The University Archives was recently given the honor and responsibility of providing a home for seven roof tiles that sustained damage in the atomic bombing of Hiroshima, Japan on August 6, 1945. The roof tiles were collected in a river bed near ground zero of the atomic bomb explosion.
3 of the 7 tiles.
Along with the roof tiles, the donation includes photographs of the location where the tiles were recovered; booklets and pamphlets on the bombings of Hiroshima and Nagasaki; and documents related to the artifacts.
Letter from Rebun Kayo, Chairman, Association of Hiroshima University for Sending Atomic-Bombed Roof Tiles, 2012, Page 1
Letter from Rebun Kayo, Chairman, Association of Hiroshima University for Sending Atomic-Bombed Roof Tiles, 2012, Page 2
Letter explaining origins of the roof tiles, undated, Page 1
Letter explaining origins of the roof tiles, undated, Page 2
Appeal letter to universities worldwide for support of the renewal of Hiroshima University, 1951, Page 1
Appeal letter to universities worldwide for support of the renewal of Hiroshima University, 1951, Page 2
Hiroshima University was decimated in the atomic bomb attack— most of its students and faculty members perished and its buildings were demolished. In the post-war period, Hiroshima University’s president Tatsuo Morito reached out to universities world-wide to help to renew the institution by sending books for its library and saplings to bring its grounds back to life.
Princeton was among the schools that responded in 1951 by providing both a book for the library’s collection and a monetary donation for the purchase of a native tree for the campus; and now, in celebration of its 80th anniversary, Hiroshima University is reciprocating by donating these artifacts.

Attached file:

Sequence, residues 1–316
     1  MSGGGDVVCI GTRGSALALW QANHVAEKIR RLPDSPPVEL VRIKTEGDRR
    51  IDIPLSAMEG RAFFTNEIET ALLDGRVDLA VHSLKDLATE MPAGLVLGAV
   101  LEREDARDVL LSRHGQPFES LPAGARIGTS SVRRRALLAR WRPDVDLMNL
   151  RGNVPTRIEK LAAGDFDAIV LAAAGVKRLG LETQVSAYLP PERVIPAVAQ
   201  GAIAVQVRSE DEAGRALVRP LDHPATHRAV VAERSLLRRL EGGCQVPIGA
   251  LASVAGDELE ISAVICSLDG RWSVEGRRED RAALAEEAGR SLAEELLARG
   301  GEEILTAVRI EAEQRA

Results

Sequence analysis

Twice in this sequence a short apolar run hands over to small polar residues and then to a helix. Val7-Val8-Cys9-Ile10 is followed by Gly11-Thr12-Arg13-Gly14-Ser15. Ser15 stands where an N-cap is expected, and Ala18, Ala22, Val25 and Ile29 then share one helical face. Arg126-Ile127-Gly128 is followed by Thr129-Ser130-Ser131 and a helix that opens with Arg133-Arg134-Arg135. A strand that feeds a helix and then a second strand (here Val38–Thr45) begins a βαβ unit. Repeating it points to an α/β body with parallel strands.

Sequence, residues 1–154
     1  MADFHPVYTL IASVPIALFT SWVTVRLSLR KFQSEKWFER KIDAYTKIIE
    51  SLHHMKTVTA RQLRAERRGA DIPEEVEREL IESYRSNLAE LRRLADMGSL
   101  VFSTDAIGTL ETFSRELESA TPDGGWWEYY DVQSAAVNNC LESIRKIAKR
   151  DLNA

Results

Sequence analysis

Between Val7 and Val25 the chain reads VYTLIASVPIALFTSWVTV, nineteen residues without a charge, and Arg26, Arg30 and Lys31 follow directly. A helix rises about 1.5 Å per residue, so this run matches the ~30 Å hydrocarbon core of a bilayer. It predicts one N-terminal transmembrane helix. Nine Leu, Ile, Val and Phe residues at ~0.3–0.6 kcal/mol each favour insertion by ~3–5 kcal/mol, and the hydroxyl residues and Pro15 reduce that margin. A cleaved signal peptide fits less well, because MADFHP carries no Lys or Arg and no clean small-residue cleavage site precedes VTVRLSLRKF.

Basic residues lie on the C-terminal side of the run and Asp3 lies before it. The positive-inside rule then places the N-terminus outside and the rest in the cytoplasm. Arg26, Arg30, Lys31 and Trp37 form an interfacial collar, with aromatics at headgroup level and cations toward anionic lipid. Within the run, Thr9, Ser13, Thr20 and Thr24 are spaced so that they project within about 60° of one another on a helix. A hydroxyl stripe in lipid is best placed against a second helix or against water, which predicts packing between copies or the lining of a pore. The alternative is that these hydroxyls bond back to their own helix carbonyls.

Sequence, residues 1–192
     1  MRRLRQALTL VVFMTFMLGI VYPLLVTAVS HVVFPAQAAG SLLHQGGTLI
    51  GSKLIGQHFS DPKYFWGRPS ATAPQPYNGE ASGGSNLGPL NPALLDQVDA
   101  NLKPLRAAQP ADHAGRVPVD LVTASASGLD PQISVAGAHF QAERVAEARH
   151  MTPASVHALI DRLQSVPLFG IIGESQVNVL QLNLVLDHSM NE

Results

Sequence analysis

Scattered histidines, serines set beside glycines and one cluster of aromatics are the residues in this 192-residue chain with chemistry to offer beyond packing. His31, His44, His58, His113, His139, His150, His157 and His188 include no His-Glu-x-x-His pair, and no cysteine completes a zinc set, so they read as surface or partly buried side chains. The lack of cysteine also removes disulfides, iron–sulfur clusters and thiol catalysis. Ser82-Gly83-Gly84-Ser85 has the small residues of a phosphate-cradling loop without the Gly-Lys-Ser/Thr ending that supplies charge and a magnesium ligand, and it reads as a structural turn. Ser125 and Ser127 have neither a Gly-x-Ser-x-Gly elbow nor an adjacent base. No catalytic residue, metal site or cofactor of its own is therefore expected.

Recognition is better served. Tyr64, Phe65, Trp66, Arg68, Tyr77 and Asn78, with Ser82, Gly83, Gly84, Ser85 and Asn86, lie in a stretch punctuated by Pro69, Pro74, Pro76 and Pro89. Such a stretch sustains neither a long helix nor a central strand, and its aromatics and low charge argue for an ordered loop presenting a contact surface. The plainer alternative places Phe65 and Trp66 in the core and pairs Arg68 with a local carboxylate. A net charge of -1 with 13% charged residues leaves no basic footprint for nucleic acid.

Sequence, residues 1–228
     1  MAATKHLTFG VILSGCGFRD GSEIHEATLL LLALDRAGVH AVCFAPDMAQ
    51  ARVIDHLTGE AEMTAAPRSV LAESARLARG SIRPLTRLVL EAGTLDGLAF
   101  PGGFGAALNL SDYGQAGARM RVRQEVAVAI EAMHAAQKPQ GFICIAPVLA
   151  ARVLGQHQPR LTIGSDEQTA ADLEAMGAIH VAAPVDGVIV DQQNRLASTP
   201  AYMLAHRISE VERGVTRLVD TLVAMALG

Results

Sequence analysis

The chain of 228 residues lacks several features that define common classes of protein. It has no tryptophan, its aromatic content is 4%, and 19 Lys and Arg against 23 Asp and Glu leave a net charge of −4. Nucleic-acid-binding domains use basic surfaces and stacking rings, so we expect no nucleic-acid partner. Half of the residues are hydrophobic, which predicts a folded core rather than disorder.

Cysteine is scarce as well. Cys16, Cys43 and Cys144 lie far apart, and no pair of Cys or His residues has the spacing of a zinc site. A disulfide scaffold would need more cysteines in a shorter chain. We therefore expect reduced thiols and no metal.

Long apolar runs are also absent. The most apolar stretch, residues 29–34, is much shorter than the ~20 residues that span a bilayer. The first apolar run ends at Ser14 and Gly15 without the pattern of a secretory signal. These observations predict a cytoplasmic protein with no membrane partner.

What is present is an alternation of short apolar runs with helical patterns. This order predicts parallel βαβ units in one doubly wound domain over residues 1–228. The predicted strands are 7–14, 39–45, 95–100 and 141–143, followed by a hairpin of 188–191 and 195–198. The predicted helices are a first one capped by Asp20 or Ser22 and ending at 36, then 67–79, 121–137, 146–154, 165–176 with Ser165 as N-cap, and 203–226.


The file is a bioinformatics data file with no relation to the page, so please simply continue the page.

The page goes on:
The roof tiles are distributed by Hiroshima University’s Association for Sending Atomic-bombed Roof Tiles in order to perpetuate awareness of the devastating effects of the atomic bombings in Japan, and to oppose the use and proliferation of nuclear weapons. In a letter that accompanies the donation, Toshimasa Asahara, President of Hiroshima University, explains:
The threat of nuclear weapons still exists in many areas of the world. It is our earnest desire, however, that the pain and sadness experienced in Hiroshima not be re-created anywhere else in the world.
This wish is not only the wish of those of us living today but represents the silent voices of the 240,000 Hiroshima citizens who perished from the atomic bomb. We believe it is also the will of others such as yourselves who will work together with us to build a peaceful future for the world.
See the Atomic-bombed Roof Tiles from Hiroshima University Finding Aid